On 23 November the Estonian parliament swore in a new government consisting of the Centre Party, the Social Democratic Party and the conservative IRL (totalling 56 out of 101 seats). The Centre Party candidate Jüri Ratas was named Prime Minister, and each of the three parties took 5 ministerial posts. Ratas’s new cabinet will include three heads of government departments from the Russian minority: two from the Centre Party, and the Social Democratic leader Jevgeni Ossinovski, who has ministerial experience from the previous government of Prime Minister Taavi Rõivas. The new coalition partners have stressed their desire to continue the country’s current defence and foreign policy, based on the alliance with the countries of NATO, and Estonia’s activity in the EU (Estonia will take over the Presidency of the EU Council in the second half of 2017).
The new coalition’s clear announcement that it will maintain the country’s current foreign and defence policy priorities is aimed at dispelling the concerns expressed by Estonia’s partners relating to the return to coalition of the pro-Russian Centre Party, which is popular but had been isolated by the other parliamentary groups since 2007. Prime Minister Ratas has distanced himself from the policy and image of the pro-Russian and anti-NATO Edgar Savisaar, the longtime leader of the Centre Party. On 5 November Ratas succeeded him as chairman of the party, and this change opened up the way for the Centre Party to discuss the formation of a coalition with other parties.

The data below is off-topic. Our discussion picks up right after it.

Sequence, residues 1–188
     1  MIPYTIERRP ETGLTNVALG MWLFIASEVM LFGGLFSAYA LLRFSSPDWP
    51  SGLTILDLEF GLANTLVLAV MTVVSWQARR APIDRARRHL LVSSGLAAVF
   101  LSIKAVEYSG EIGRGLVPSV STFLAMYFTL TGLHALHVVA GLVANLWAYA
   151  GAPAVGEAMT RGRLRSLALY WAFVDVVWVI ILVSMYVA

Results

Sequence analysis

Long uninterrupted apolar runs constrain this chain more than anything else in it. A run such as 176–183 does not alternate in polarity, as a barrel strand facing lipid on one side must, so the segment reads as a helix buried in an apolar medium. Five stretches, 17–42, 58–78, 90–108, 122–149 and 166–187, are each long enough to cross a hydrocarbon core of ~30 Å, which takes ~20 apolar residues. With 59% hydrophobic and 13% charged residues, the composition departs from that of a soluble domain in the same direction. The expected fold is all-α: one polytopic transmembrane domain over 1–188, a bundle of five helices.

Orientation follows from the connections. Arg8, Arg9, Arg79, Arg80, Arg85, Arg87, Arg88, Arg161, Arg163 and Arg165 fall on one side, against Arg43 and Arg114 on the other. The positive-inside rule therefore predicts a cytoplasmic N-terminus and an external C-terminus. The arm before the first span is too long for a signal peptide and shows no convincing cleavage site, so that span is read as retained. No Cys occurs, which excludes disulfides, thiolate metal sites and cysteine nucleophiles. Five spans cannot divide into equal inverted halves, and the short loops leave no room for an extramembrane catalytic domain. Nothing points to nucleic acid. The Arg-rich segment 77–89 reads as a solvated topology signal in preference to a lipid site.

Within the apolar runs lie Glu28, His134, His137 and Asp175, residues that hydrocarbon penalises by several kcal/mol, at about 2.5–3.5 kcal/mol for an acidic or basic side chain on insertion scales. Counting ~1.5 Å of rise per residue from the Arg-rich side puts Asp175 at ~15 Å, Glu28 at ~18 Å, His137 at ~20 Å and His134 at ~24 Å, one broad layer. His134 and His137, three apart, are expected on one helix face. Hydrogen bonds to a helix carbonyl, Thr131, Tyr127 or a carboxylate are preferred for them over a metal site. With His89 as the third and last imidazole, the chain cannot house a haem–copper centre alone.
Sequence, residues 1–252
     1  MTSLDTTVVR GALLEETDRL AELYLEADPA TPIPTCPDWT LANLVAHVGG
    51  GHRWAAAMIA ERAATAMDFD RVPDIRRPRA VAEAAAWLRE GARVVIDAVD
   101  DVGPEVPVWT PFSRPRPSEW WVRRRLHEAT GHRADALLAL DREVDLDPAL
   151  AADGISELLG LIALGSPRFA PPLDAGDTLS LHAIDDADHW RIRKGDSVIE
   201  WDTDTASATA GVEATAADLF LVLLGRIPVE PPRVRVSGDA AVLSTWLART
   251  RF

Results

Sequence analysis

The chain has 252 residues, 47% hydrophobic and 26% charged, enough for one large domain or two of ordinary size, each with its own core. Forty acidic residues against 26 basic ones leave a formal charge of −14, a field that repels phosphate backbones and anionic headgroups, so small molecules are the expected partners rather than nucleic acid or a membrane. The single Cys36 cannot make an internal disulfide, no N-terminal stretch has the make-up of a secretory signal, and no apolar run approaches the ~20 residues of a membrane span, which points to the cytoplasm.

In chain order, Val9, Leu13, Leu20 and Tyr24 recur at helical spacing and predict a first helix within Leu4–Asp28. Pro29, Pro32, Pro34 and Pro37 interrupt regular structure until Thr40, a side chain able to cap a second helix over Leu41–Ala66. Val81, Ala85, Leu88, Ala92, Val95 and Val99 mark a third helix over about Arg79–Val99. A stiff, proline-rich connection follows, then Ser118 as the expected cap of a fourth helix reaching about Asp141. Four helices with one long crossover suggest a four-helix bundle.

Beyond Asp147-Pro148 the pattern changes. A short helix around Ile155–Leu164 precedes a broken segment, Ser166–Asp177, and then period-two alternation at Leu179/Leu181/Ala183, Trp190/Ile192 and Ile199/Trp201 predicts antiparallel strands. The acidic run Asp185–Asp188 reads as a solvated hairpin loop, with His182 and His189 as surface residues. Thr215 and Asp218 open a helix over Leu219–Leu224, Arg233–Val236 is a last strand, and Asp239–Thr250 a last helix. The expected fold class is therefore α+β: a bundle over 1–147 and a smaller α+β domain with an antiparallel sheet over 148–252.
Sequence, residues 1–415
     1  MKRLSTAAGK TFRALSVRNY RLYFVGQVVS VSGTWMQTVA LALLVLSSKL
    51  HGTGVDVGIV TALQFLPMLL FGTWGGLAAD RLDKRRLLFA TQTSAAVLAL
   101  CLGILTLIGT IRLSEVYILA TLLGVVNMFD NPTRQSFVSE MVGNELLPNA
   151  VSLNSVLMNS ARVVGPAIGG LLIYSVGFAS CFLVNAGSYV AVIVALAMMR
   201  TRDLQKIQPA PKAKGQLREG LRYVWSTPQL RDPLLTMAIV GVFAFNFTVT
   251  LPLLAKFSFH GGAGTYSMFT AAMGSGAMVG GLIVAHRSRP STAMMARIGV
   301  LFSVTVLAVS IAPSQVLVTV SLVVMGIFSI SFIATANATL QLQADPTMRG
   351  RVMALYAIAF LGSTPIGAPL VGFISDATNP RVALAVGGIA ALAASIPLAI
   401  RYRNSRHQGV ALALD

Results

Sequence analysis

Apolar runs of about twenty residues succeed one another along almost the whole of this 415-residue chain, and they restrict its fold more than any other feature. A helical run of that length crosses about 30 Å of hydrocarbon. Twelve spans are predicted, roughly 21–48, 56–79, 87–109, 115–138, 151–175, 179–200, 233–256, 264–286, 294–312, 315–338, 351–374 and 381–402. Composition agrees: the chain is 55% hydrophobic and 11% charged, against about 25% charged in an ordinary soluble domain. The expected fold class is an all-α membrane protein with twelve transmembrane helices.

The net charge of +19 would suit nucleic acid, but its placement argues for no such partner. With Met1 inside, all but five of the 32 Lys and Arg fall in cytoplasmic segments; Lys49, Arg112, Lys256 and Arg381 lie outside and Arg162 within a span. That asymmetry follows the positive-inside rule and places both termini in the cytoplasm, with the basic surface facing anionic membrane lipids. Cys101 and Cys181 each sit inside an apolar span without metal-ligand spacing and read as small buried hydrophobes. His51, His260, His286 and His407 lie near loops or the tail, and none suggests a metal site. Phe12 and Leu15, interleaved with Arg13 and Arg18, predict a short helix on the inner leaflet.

The fact that the new government contains nearly half of the ministers from the previous cabinet headed by Taavi Rõivas, of the pro-Western Reform Party, demonstrates its genuine desire to maintain the current policy. The Reform Party had led governments in Estonia for almost twelve years, and thanks to its policies, Estonia is unique in the region in having met the defence spending level of 2% of GDP required by NATO, and was the first Baltic country to adopt the euro. The continuation of the previous government’s policy has also been demonstrated by the fact that the Defence Ministry has been entrusted to the conservative, pro-Western and anti-Russian IRL party, led by Margus Tsahkna.
The inclusion of Russians into the government exposes the members of the coalition to ideological disputes (on history, for example), but at the same time, this gesture will politically activate the Russian-speaking minority, and allow it to operate within the accepted political forces of the Centre Party and the Social Democratic Party. The inclusion of the Russians into the government is also intended to counteract the collapse of the Centre Party after Savisaar’s removal from its leadership. However, it cannot be ruled out that some Russian-speaking voters, disappointed by the new government’s political offer, could promote the emergence of a new Russian minority party in Estonia, like Latvia’s Harmony party, which Russia would find easier to exploit in influencing the Russian-speaking population.